The indexing cam mechanism provided by the cam follower 106 and cam track 108 along with the damping characteristics of the elastomeric coupling 94 provide for the advantages seen in FIGS. 9-11. FIG. 9 shows that the indexing cam mechanism will provide for accurately positioning the actuator shaft even though the motor operation may not start and stop at a specific position. It can be seen in FIG. 9 that the motor position requires a longer time period to achieve the desired end position than is obtained by the cam. Also it is seen that the motor, in order to reach the desired position in a minimum time period, will result in overshoot while the indexing cam is always a precise position due to the dwell periods designed into the cam.
FIGS. 10 and 11 depict the advantage of damping in the compliant elastomeric couplings which are utilized in the present invention. FIG. 11 illustrates the performance of the elastomeric coupling having a proper level of damping. The index cam will twist the elastomeric coupling to the desired rod position during the initial axial movement when the rod is constrained from rotating. When the axial movement reaches the neutral position, the rod is free to rotate and it is therefore urged rapidly to its required position to engage the shift rail with the proper shift fork. The damping characteristics of the elastomeric coupling prevents overshoot of the cam position.
FIG. 10 depicts a coupling mechanism that has little or no damping in the coupling as would be the case of a steel spring mechanism. With such devices, it is possible for the shift rod to be mispositioned such that shift times must be increased in order to accommodate any mispositioning.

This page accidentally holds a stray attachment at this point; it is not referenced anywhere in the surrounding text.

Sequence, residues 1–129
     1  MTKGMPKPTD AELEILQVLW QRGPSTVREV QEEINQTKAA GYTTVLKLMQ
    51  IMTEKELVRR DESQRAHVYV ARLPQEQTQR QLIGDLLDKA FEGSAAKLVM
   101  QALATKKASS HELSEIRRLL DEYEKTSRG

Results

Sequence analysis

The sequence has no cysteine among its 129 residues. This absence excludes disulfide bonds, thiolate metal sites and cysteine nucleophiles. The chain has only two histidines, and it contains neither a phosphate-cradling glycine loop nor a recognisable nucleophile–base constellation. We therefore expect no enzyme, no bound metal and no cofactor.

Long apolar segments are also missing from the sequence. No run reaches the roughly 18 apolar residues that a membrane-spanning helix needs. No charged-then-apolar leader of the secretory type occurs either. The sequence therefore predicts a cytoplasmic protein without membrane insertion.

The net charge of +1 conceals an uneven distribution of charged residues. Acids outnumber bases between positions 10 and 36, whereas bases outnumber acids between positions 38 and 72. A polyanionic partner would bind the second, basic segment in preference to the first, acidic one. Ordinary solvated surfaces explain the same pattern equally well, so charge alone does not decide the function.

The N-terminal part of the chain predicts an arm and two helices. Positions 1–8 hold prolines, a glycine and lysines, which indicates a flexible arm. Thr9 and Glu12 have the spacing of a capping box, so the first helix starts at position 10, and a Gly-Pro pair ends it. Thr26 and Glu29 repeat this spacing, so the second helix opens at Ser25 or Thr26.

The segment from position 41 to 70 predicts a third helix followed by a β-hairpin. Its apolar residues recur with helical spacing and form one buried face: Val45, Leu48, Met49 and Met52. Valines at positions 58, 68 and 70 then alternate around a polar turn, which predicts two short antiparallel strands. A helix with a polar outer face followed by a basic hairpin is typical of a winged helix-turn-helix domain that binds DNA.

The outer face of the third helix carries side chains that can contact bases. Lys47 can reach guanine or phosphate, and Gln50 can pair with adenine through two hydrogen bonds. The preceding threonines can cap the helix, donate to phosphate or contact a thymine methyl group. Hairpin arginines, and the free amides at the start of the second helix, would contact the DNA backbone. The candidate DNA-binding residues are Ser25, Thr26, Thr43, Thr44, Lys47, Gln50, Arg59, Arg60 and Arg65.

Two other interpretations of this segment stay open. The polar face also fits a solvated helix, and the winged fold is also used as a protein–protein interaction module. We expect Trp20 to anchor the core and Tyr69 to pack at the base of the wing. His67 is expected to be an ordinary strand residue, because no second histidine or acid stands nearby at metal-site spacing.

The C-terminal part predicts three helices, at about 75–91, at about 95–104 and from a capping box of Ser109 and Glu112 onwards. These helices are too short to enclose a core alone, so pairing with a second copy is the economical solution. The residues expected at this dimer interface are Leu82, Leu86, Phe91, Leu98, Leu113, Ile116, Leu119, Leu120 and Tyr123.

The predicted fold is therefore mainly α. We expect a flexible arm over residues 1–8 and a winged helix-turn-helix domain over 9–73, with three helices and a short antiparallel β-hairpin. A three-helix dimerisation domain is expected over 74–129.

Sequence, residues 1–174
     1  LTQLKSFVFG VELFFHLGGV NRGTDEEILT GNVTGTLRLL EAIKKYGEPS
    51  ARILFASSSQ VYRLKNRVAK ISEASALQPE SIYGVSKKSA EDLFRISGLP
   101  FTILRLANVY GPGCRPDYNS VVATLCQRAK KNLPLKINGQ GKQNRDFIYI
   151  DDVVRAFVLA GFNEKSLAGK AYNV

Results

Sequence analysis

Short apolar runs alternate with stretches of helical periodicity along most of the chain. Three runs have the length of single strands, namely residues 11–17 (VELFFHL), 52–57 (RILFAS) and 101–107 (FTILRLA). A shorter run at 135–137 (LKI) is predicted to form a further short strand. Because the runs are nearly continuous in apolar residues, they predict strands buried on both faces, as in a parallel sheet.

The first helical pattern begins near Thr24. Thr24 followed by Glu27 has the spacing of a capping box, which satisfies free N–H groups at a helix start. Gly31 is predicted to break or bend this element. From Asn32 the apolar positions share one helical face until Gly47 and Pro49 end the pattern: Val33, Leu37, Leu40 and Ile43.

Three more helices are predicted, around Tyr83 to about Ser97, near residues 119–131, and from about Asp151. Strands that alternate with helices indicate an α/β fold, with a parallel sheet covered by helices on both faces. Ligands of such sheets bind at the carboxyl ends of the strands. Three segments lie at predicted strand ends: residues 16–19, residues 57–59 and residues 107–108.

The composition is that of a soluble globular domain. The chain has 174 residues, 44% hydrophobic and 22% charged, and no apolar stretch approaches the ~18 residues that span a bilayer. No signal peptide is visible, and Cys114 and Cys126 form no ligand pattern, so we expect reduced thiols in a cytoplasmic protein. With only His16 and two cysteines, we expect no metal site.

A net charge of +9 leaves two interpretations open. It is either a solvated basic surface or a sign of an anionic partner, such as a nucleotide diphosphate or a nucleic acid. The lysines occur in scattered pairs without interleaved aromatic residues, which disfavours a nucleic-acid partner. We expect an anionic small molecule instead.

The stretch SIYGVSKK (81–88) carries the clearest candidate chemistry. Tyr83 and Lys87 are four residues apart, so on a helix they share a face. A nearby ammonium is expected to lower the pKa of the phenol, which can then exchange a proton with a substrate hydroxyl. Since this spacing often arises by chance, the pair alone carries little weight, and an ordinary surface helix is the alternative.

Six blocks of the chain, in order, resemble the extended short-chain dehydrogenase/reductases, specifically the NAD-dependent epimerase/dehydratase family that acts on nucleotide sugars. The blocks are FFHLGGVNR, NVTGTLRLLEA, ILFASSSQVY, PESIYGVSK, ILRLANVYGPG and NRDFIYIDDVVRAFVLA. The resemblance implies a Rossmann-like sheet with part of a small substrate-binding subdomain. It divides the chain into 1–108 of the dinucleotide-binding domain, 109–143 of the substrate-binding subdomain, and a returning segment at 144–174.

As should be evident from the above description, the elastomeric coupling 94 will provide the required compliance between the selector shaft 96 and the selector rod 84 to permit the power actuators 100 and 116 to be operated simultaneously during a crossover shift in the transmission; and in conjunction with the flywheel 101 will provide for efficient storage and release of energy during a ratio interchange and gear selection. This eliminates the need or requirement that the actuator 100 be utilized to return the off-going shift rail to neutral prior to rotary movement by the power actuator 100 through the neutral condition and selection of the on-coming shift rail, and then to further provide linear motion by the power actuator 100 to select the on-coming gear ratio. Thus, what is eliminated is the first linear deceleration of the power actuator 100 and the second linear acceleration of the power actuator 100.
Obviously, many modifications and variations of the present invention are possible in light of the above teaching. It is therefore to be understood, that within the scope of the appended claims, the invention may be practiced otherwise than as specifically described.
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|U.S. Classification||74/337.5, 74/572.1, 74/335|
|International Classification||F16H3/089, F16H61/32, F16H3/091|
|Cooperative Classification||Y10T74/19279, Y10T74/19251, Y10T74/2117, F16H3/089, F16H61/32, F16H2061/2884, F16H2200/0052|
|Jun 22, 1992||AS||Assignment|
Owner name: GENERAL MOTORS CORPORATION, A CORP. OF DE, MICHIGA
Free format text: ASSIGNMENT OF ASSIGNORS INTEREST.;ASSIGNORS:MORRIS, ROBERT L.;BARTOS, ANDREW L.;REEL/FRAME:006168/0083
Effective date: 19920615
|Mar 31, 1997||FPAY||Fee payment|
Year of fee payment: 4
|Mar 27, 2001||FPAY||Fee payment|
Year of fee payment: 8
|Apr 27, 2005||REMI||Maintenance fee reminder mailed|
|Oct 12, 2005||LAPS||Lapse for failure to pay maintenance fees|
|Dec 6, 2005||FP||Expired due to failure to pay maintenance fee|
Effective date: 20051012